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Georgians, Albanians, and Turks Account for 21% of EU Departure Orders in 2023

The exodus of individuals from European Union (EU) countries has surged by 25 percent in 2023, as revealed by recent statistics, marking a significant rise from 89,000 to 111,185 individuals. This remarkable uptick follows orders for their departure from EU countries.

Authorities in Germany, France, and Sweden have taken the lead in issuing such orders, collectively accounting for 37,945 individuals instructed to exit the EU. Germany topped the list with 15,445 orders, trailed by France with 12,170, and Sweden with 10,330.

Conversely, several nations reported substantially lower figures of individuals being instructed to leave, with Slovenia (75), Luxembourg (230), Slovakia (265), and Ireland (285) among them.


The influx of undocumented migrants within EU territories has also experienced a notable surge, escalating by 13 percent in 2023 compared to the preceding year, totaling 1.5 million individuals found to be illegally present.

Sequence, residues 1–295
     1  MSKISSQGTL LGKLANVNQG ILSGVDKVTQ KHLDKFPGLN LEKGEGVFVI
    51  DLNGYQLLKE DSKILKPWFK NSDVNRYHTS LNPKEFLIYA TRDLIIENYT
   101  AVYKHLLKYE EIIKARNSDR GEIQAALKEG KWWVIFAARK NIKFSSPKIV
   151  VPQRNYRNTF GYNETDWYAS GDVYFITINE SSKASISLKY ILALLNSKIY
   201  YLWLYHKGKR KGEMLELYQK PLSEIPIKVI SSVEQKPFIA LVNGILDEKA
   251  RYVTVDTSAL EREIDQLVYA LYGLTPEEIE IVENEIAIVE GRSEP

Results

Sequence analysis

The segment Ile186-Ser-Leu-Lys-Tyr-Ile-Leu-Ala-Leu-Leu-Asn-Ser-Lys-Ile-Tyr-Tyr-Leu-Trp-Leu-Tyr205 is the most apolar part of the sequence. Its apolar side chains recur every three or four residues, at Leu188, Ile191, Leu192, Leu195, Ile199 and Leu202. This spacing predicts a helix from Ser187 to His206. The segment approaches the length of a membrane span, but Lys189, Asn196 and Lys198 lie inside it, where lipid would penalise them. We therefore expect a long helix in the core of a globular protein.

Despite this influx, a positive trend emerges in the reduction of entry refusals across EU borders. The data illustrates a decline from 142,420 refusals recorded in 2022 to 118,935 in 2023, marking a 16 percent decrease.

Notably, countries sharing external land borders witnessed the highest rates of entry refusals, all exceeding 70 percent. Bulgaria, Croatia, Greece, Poland, Hungary, Romania, and Estonia are among the nations grappling with significant entry refusals.

These statistics illuminate the complex dynamics surrounding migration and border control within the EU, prompting renewed discussions and strategies aimed at addressing these challenges in a comprehensive and effective manner.

Georgians (10 345) topped the list of non-EU citizens returned to another country, followed by Albanians (7 810) and Turks (5 595).

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